INTRODUCTION: Constitutional talks on independence for Belize opened in London on Monday (6 April).
GV Marlborough House, London.
CU INT The Honourable C.L.B. Rogers (leader Belize delegation) on right ZOOM TO Mr. Nicholas Ridley MP. (3 SHOTS)
SV & PULL BACK Rogers and Ridley into conference room.
CU Chandelier PULL BACK conference table.
CU ZOOM OUT Rogers speaking. (2 SHOTS)
SPEECH ON FILM (TRANSCRIPT)
SEQ. 5: ROGERS:"Our task, Mr. Chairman, which begins today, is to agree to a system of government for Belize as an independent nation. And that is the issue which has pre-occupied the minds of Belizians since 1963. It was in that year that we last came together to discuss the Constitution of Belize, and agreed then to assert government constitution."
Script is copyright Reuters Limited. All rights reserved
Background: INTRODUCTION: Constitutional talks on independence for Belize opened in London on Monday (6 April). Belize, situated on the Atlantic coast of Central America, is Britain's last colony in the Americas. The independence conference was boycotted by Belize's main opposition party - but went ahead despite a state of emergency in the country after violent rioting.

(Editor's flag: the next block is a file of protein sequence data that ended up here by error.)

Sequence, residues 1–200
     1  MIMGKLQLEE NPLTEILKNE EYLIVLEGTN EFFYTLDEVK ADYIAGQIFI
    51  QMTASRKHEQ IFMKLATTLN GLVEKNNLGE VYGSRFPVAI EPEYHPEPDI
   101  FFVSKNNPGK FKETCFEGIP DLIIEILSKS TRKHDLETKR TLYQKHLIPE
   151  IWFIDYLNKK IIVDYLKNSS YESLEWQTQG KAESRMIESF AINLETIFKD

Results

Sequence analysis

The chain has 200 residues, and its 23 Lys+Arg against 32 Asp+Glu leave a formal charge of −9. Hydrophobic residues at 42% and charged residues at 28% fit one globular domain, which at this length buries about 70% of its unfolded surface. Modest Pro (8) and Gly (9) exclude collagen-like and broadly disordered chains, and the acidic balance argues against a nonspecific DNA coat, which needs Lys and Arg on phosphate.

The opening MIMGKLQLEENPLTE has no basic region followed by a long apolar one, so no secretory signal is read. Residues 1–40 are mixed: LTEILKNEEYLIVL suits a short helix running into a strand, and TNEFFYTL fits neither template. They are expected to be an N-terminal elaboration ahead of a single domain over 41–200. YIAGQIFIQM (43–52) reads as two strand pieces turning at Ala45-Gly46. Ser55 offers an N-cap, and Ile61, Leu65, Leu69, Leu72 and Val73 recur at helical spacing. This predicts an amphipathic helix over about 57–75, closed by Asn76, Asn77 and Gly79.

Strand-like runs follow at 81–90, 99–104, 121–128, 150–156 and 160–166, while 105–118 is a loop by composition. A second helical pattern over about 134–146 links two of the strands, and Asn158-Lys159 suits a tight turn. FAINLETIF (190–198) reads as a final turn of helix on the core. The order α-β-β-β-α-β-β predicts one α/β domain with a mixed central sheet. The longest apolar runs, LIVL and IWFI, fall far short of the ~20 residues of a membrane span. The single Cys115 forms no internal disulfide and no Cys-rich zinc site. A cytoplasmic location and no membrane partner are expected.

SYNOPSIS: Marlborough House in London was the conference venue. The Belize representative was Deputy Prime Minister Lindy Rogers, and for the British government, Foreign Office Minister Nicholas Ridley attended the talks. The United Democratic Front (UDP) was not at the opening because it objects to a settlement between Britain and Guatemala, which previously claimed Belize for itself.
The settlement, signed in March, allows Guatemala access to the sea through Belize. In exchange it has renounced its claim to the colony. Four people died last week, during riots against -- as a result -- imposed martial law. Deputy Prime Minister Rogers spelled out the issues.